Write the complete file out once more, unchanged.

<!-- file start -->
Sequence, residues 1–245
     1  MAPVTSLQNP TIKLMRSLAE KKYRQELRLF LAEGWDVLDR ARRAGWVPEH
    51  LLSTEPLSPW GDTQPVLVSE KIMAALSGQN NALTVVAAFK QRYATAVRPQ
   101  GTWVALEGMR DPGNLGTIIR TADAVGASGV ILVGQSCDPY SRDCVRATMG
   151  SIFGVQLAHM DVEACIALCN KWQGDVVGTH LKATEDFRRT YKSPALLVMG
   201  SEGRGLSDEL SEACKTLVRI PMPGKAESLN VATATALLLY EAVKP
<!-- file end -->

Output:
Sequence, residues 1–245
     1  MAPVTSLQNP TIKLMRSLAE KKYRQELRLF LAEGWDVLDR ARRAGWVPEH
    51  LLSTEPLSPW GDTQPVLVSE KIMAALSGQN NALTVVAAFK QRYATAVRPQ
   101  GTWVALEGMR DPGNLGTIIR TADAVGASGV ILVGQSCDPY SRDCVRATMG
   151  SIFGVQLAHM DVEACIALCN KWQGDVVGTH LKATEDFRRT YKSPALLVMG
   201  SEGRGLSDEL SEACKTLVRI PMPGKAESLN VATATALLLY EAVKP